Breaking News… Nope, Just a False Alarm!

By Gene Stifter,

Even though safety devices have been installed, many companies still worry about a disaster striking … fire, break-in, or air pollution due to smoke, carbon monoxide, or gas leakage. The government has mandated the installation of alarms and alerts to keep the public safe in office buildings, hospitals, restaurants, hotel and new home construction. Better systems continually emerge in the marketplace and new audio and video technology facilitates interaction between monitoring companies and victims. Even robbers can be warded off with a commanding voice message that "the police are on their way!" These burglary and life-saving alarms are needed, but there is more to do to protect your company, your employees, your consumers, and the public.

False Alarms Are Making News Headlines

Yes, false alarms have risen substantially in the past few years and these non-emergency calls to local authorities can actually be detrimental to the overall success of your alarm system. False alarms can lead to devastating consequences and endanger the lives and health of those they are meant to protect.

Let me share a statistic with you. In 2014, the Greensboro Police Department responded to 13,422 alarm calls. While you may think this high number of alarms shows that homes and businesses in the area were adequately protected, think about this: Of those 13,422 alarm calls, only 54 were valid! This lack of "real emergencies" not only puts a strain on public safety resources, it also impacts businesses in the long run.

Here's another example of how false alarms can impact the public's safety. A fire at a senior-living complex in Texas resulted in many elders stranded in their rooms and on stairways and the death of several people. Some residents cited the frequency of false alarms as the reason for not reacting quickly to get out of the burning building. According to an Associated Press story, one resident said he felt no urgency when he first heard the alarm.

Of course, public safety is paramount, but there is another problem with false alarms … fines. Many municipalities have instituted fines for responding to false alarms. In some instances, these can be pretty steep. Greensboro issued more than $500,000 in false alarm citations in 2014.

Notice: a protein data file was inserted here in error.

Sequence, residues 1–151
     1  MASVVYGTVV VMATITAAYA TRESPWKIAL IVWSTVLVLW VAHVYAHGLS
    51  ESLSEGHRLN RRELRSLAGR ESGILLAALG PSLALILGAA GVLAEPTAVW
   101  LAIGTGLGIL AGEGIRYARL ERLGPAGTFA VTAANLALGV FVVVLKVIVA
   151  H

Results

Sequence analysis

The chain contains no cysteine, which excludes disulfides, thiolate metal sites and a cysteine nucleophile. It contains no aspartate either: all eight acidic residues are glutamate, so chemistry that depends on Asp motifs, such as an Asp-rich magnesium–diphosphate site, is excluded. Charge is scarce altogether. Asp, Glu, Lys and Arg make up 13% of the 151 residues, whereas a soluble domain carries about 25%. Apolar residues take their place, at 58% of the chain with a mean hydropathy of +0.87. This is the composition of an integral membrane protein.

False Alarms Can Be Prevented

Protection systems are good, but monitoring systems must be effective as well. Professional monitoring centers can offer security solutions, loss prevention services, and life safety technologies such as digital video surveillance, access control, fire and intrusion alarms, and video analytics that will decrease the number of false alarms sent to law enforcement, fire, and emergency services. Customized plans can be created and implemented in any place of business, large or small. Automated reporting tools can deliver real-time information and help reduce false alarms. Well-trained monitor operators can identify alarms requiring emergency services and reduce false alarm dispatches.

Here's a success story: Tudor Oaks Community, a retirement facility of 450 residents, recognized that its antiquated fire alarm system had to be upgraded. Today the facility has installed speaker systems, CCTV cameras, horn strobes, smoke sensors, carbon dioxide detectors, and fire alarm systems that can trigger alerts in various areas of the building in order to facilitate speedy evacuations, day and night.

It's Up to You to Decrease False Alarms!

Don't put it off! It's time to evaluate your safety systems… are they in need of twenty-first century technology? Will your current system adequately protect those in your charge?


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